The mid-February view from the snowy summit of Granite Mountain overlooking the Lower Columbia.                                Guy Bertrand photo

The mid-February view from the snowy summit of Granite Mountain overlooking the Lower Columbia. Guy Bertrand photo

Lower Columbia snowpack deepest in B.C.

The highest percentage B.C. snowpack for March 1 is the Lower Columbia (at) 134 per cent

After more than double the usual February snowfall, the Lower Columbia – which includes Rossland through to Trail, the Beaver Valley and regional Areas A and B – has the deepest snowpack in all of B.C.

The highest percentage snowpack for March 1 is the Lower Columbia (at) 134 per cent, the River Forecast Centre reported Friday.

That number increased significantly from Feb. 1, when the snowpack was 112 per cent.

Elsewhere in B.C., the centre reported a near average to slightly above average snowpack in most regions and a 40 per cent below average in northern regions.

Typical of the weather phenom known as La Niña and similar to last February, the second month of 2018 was cooler than normal and eventful in terms of heavy snowfall, local forecaster Ron Lakeman explained.

The mean temperature was 2.5 C cooler than normal, and 68 centimetres (cm) of snow piled up compared with the usual 26 cm for February.

However, when combined with the amount of rain – which was 9 millimetres (mm) compared to the typical 28 mm – the total amount of precipitation was very near 100 per cent of normal.

“Occasional light amounts of mixed precipitation were recorded,” Lakeman stated in his month-end summary. “And the temperatures were in the milder than seasonal category at times as a series of relatively weak disturbances pushed across the West Kootenay during the initial half of the month.”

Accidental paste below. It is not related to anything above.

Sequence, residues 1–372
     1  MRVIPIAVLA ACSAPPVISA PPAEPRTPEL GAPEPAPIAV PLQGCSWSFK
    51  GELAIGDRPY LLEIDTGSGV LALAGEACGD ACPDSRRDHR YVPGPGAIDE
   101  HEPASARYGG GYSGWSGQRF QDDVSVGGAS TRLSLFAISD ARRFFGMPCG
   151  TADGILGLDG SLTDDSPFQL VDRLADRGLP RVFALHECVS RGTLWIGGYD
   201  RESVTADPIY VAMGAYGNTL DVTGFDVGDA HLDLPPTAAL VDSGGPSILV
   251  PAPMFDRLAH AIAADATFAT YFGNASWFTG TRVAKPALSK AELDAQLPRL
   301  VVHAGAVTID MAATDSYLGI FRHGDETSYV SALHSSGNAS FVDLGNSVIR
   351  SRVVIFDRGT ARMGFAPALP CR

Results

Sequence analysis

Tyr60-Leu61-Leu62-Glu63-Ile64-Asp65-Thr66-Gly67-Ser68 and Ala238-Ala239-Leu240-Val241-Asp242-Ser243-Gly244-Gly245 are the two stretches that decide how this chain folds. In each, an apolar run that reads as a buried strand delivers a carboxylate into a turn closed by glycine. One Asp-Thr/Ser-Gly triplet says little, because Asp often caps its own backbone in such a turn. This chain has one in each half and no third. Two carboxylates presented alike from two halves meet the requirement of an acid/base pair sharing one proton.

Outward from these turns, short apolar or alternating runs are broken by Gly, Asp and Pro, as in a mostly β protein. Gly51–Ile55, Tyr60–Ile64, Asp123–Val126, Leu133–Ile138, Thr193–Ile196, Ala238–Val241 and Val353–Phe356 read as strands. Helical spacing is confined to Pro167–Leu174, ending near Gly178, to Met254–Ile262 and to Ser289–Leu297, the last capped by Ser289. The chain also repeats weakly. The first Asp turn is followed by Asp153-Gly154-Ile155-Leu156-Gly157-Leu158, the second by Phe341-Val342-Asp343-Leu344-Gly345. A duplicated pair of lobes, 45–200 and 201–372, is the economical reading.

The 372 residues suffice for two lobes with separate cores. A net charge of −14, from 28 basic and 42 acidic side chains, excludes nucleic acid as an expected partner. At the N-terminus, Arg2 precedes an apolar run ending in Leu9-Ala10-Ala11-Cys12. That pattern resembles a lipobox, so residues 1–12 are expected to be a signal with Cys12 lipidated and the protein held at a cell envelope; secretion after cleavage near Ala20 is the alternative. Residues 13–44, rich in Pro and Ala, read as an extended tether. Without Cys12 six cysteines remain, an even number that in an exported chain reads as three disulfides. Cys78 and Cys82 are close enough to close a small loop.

A new daily high of 10.9 C was set on Feb. 8.

The following week, a southeasterly system from the north coast brought cooler temperatures and 12 cm of snowfall the night of Feb. 13.

An Arctic airmass pushed west of the Rockies for colder temperatures during the third week of the month, setting new daily lows of -20.7 C, -16.0 C and -19.2 C on Feb. 19, Feb. 20 and Feb. 23, respectively.

A Pacific system combined with the cold airmass resulted in 20 cm of snow on Feb. 17, and another 12 cm the night of Feb. 28.

Notably, 1969 remains the year of record snowfall, at least locally. Lakeman noted 98 cm fell that February.

Since Feb. 1, the overall snowpack in the province increased, according to the River Forecast Centre.

A major snow storm moved through the Central Coast, Nechako, Upper Fraser, Thompson, Okanagan, Columbia and Kootenay regions at the start of the month. The South Coast and Vancouver Island were relatively dry during this period. Continued unsettled weather through the rest of the month added to the snowpack. The provincial average snow water equivalent (SWE), referenced to long-term average conditions for this period, has increased from 98 per cent on Feb. 1 to 108 per cent on March 1.

On average, nearly 80 per cent of the provincial winter snowpack will accumulate by March 1.